At the stroke of midnight on 31 December 1979, millions of people joyously celebrated the end of the 1970s and the arrival of the 1980s. At the precise moment Big Ben tolled for midnight, every man around the world ripped off his flared trousers and his platform shoes, slipped on a pair of grey, flecked trousers, a pastel-coloured pair of espadrilles and rolled up the sleeves of his beige jacket. Meanwhile, the womenfolk used a variety of household objects to improvise shoulder pads in their tops and then cut the fingers off their lace gloves before stepping into some pink legwarmers.

The only people who didn't take part in this synchronised global fashion shift were the Chinese, whose new year didn't start until a few weeks later, and the French, who are always a few years behind.

Sadly, it would take a few months before the mullets and big hair would appear and in the first quarter of the year the hairdressing industry nearly collapsed as the entire nation started growing their hair long. The industry was only saved by a sudden and unprecedented demand for hairspray.

Well OK, I've exaggerated that slightly, but there really was an explosion in the pace of fashion shifts in the early eighties, largely driven by the ever-increasing influence of pop culture. Music and movies had certainly had an impact on the fashion trends of previous decades, but it wasn't until the eighties that it really gathered momentum to the point where virtually all fashion trends were now inspired by pop stars, TV shows or movies.

When Madonna burst on to the music scene in 1983 her outrageous dress sense caused a sensation which inspired as many as it outraged. Madonna was certainly to blame for a sharp increase in the number of horrified fathers telling their daughters, 'You're not going out dressed like that!'

In the early days, Madonna often wore short skirts over leggings with fishnet gloves, rubber bracelets, bows in her messy, bleached-blonde hair (with dark roots), as well as headbands, long strings of beads and lace ribbons. But as she moved into her 'Like a Virgin' phase, she clearly felt that her accessories were the most important part of her outfit and began ditching her clothing, bit by bit, until she was left in just her underwear along with some long lace gloves, a few bracelets and a Boy Toy belt. Alarmingly for parents, this actually inspired many young girls to start wearing bustiers or brassieres as outer garments, often accompanied by some large crucifix necklaces.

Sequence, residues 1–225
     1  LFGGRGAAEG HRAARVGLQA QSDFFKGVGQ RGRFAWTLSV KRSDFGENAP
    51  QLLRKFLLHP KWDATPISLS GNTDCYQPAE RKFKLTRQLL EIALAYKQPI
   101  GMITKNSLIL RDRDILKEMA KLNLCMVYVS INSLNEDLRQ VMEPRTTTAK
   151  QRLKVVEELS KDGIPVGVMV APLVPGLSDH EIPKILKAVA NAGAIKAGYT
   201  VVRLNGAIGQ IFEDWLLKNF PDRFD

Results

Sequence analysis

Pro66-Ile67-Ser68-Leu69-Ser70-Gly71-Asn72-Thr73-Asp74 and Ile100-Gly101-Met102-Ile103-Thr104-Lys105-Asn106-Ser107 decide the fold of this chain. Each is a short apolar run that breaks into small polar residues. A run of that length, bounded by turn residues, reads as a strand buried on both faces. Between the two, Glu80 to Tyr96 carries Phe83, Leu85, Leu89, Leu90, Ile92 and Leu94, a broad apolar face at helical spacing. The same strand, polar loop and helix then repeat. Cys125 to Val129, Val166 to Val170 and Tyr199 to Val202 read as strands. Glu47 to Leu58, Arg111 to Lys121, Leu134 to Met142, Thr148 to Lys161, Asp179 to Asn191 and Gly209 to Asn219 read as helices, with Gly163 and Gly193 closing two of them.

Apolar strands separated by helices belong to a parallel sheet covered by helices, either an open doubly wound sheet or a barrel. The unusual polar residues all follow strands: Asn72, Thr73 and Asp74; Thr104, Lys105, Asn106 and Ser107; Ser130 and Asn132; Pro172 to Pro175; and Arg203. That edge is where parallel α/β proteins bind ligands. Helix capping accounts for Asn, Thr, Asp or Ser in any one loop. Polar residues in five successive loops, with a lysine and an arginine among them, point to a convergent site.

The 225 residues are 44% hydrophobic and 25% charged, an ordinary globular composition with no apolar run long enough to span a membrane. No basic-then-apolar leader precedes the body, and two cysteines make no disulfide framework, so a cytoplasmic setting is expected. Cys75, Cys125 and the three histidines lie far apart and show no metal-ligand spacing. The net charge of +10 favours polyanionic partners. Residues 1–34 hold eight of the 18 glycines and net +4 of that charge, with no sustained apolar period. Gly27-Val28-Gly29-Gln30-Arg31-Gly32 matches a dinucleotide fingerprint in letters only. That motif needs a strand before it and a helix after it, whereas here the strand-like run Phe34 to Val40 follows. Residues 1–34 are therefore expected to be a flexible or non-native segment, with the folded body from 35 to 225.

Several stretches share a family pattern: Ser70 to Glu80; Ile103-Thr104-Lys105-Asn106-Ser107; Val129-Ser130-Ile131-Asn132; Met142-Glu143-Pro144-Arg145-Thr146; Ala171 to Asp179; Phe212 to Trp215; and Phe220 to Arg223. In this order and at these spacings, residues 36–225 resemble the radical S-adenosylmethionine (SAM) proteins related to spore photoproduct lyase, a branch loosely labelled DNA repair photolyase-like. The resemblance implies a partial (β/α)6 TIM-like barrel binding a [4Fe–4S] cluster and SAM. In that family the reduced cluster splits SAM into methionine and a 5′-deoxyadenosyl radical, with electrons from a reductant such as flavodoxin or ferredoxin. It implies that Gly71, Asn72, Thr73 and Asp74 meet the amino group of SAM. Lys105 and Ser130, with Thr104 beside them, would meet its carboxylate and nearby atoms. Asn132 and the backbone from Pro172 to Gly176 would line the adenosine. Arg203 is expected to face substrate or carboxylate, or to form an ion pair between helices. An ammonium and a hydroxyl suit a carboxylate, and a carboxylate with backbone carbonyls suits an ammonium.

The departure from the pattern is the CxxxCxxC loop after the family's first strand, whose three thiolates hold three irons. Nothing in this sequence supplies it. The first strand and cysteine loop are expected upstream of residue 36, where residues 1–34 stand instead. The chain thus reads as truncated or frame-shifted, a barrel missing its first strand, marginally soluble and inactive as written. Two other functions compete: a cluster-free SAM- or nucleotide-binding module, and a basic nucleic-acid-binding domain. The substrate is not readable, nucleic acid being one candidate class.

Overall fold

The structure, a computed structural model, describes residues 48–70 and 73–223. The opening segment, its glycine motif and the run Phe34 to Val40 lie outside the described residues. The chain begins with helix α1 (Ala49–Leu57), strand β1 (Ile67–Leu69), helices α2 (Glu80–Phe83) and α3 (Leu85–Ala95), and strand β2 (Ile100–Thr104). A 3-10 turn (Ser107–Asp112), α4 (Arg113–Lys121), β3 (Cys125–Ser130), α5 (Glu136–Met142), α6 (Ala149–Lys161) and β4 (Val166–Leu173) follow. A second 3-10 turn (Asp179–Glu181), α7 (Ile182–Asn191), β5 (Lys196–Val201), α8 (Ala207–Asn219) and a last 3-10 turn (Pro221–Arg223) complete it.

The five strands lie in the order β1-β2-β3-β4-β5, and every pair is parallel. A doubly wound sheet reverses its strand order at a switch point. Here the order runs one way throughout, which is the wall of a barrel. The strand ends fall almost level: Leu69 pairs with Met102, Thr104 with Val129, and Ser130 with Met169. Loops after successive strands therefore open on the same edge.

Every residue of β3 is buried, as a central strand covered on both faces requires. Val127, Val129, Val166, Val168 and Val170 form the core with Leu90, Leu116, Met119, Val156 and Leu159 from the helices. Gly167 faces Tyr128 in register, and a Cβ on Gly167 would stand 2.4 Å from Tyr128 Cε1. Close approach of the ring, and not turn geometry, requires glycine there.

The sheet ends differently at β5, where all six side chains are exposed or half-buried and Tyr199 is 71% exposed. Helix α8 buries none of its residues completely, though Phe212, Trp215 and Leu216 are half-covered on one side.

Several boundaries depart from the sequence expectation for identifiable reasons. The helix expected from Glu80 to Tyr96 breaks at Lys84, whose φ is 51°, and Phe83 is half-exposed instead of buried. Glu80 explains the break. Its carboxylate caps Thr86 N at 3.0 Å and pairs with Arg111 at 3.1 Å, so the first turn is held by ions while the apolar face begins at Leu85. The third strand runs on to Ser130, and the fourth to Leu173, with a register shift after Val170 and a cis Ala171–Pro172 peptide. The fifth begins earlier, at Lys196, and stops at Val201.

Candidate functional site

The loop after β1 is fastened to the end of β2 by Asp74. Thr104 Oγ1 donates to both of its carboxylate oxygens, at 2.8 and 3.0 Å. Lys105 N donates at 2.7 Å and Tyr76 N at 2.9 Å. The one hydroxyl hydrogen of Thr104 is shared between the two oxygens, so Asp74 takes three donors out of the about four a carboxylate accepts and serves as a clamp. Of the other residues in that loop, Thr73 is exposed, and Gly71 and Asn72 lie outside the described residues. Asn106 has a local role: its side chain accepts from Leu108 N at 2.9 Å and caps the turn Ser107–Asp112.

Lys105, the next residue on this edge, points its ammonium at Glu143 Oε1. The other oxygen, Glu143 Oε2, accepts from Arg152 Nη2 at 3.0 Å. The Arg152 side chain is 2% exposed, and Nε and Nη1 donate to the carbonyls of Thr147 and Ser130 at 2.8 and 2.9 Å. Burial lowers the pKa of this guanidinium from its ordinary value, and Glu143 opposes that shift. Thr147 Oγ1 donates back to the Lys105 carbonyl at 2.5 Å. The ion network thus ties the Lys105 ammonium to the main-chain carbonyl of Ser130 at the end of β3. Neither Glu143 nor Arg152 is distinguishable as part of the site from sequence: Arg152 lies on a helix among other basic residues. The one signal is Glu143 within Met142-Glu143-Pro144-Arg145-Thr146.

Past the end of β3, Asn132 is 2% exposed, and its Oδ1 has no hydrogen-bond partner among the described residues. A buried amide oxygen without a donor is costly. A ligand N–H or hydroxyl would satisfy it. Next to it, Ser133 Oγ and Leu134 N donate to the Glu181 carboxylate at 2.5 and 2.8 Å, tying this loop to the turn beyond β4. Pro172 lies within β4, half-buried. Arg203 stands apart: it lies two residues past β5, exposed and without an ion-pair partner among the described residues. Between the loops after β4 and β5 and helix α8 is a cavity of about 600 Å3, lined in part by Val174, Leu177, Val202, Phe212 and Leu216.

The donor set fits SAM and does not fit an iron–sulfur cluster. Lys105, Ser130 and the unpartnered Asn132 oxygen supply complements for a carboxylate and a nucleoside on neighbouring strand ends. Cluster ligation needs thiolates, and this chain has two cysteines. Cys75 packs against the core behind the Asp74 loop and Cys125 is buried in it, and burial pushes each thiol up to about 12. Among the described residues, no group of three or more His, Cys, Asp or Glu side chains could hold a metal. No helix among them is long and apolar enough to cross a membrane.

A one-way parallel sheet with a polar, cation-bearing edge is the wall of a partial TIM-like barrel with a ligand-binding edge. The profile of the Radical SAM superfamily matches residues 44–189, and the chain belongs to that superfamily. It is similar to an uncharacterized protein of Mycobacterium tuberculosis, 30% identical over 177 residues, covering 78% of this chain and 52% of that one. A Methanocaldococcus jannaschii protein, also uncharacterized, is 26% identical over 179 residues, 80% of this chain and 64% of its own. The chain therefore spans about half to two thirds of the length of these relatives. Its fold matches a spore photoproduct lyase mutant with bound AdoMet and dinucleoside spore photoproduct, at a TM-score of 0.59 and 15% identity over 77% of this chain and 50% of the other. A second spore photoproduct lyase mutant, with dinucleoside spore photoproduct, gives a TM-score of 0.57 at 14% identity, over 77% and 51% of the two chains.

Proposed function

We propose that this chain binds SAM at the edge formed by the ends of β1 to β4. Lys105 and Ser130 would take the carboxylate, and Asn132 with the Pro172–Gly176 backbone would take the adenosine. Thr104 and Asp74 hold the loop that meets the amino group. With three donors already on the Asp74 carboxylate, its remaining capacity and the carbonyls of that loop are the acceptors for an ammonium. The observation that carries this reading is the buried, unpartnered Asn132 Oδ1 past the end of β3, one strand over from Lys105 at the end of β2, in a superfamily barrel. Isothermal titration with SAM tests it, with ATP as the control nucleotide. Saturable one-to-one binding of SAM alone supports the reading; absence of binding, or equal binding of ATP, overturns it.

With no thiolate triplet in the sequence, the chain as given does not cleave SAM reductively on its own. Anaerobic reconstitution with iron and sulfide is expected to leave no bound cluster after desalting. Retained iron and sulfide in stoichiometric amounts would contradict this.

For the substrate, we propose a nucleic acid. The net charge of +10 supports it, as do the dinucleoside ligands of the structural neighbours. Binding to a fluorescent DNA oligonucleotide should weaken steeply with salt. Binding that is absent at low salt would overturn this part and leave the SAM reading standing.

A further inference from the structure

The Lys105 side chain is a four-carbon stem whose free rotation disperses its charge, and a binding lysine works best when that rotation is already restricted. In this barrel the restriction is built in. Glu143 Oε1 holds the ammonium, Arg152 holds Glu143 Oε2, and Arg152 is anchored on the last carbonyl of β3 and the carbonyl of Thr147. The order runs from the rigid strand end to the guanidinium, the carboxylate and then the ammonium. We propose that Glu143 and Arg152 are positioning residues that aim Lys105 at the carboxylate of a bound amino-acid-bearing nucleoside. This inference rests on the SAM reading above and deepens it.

While this particular fashion trend was fairly extreme and limited mainly to attention-seekers, Madonna's influence was widespread and women of all ages began wearing short, tight, lycra miniskirts and tubular dresses, along with bolero-style jackets and lace gloves, often with the fingers chopped off. As for the new trend of wearing legwarmers as a fashion accessory, we can't blame Madonna this time, but pop culture is guilty again with inspiration inevitably drawn from the new genre of dance films such as Fame (1980), Flashdance (1983), Footloose (1984) and Dirty Dancing (1987). Around the time Flashdance hit the box offices, teenage girls around the world that had never previously been interested in dance started buying legwarmers to wear over their leggings, jeans or tights.

Flashdance also gave rise to the ripped sweatshirt look that turned an ordinary grey sweatshirt into a fashion classic. Jennifer Beals, the lead actress in Flashdance, famously wore a grey sweatshirt with a large neck hole on the poster advertising the film and the large neck hole meant that the sweatshirt could slip down to show one bare shoulder. This was a fairly easy do-it-yourself fashion and many perfectly good sweatshirts were ripped up to emulate the look. Apparently, Beals said that the ripped sweatshirt look was a complete accident and came about when her sweatshirt shrank in the wash and she had to cut a large hole at the top so she could get it on again. Sounds a little unlikely to me, since the sweatshirt looked extremely baggy and I don't remember her head being especially oversized. A close cousin of the Flashdance sweatshirt was the Batwing jumper, which took the bagginess of the grey sweater and accentuated the effect under the arms to create a garment that looked like it might have the aerodynamic properties required for freefall gliding.

This new fashion of wearing sports clothing as casual clothing was partly inspired by the dance films and partly by the rather random eighties craze for aerobics. For some reason, the world went aerobics crazy in the mid-1980s with vast numbers of women (and men) buying Jane Fonda workout videos. In the UK we were treated to daily doses of the Green Goddess, who was clearly made of rubber, stretching and prancing about on BBC1's Breakfast Time almost every day between 1983 and 1987.

If you were a child in the eighties there's a pretty good chance you will remember the shameful sight of your mum standing in front of the telly, probably still in her nightie and without her make-up on, trying in vain to keep up with the Green Goddess as she danced effortlessly around the studio shouting words of encouragement to the viewers at home. You may also remember seeing women dressed in full aerobic outfits, often in neon colours, out walking the dog or doing the shopping. Olivia Newton-John didn't help matters with her music video to Let's Get Physical, which featured her dancing around in legwarmers, sweatbands and all the rest of it while doing aerobics with a bunch of sweaty, drooling men. But it wasn't long before this bizarre fashion got out of hand and a new trend evolved in the form of nylon waterproof trousers and matching jacket – the shell suit. Originally designed as outdoor sportswear, people (who obviously were not doing any sports) started wearing them out everywhere they went.

Shell suits really hit it off in the mid-1980s and it was around that time that fluorescent materials were at the peak of their popularity. This meant that all manner of garish colours and fluorescent strips were thrown together and it didn't even matter if they clashed; in fact, if they did clash that was all the better! It's an odd fact to get your head around, but the most iconic figure to sport a shell suit in the eighties was probably Jimmy Savile, enjoying a spot in the limelight for a respectable amount of time due to the popularity of Jim'll Fix It. It was very rare to spot Jim without his beloved shell suit and infamous gold chains. In fact, to his dying day he still loved the swishing sound of his nylon attire and the baggy freedom that it gave him.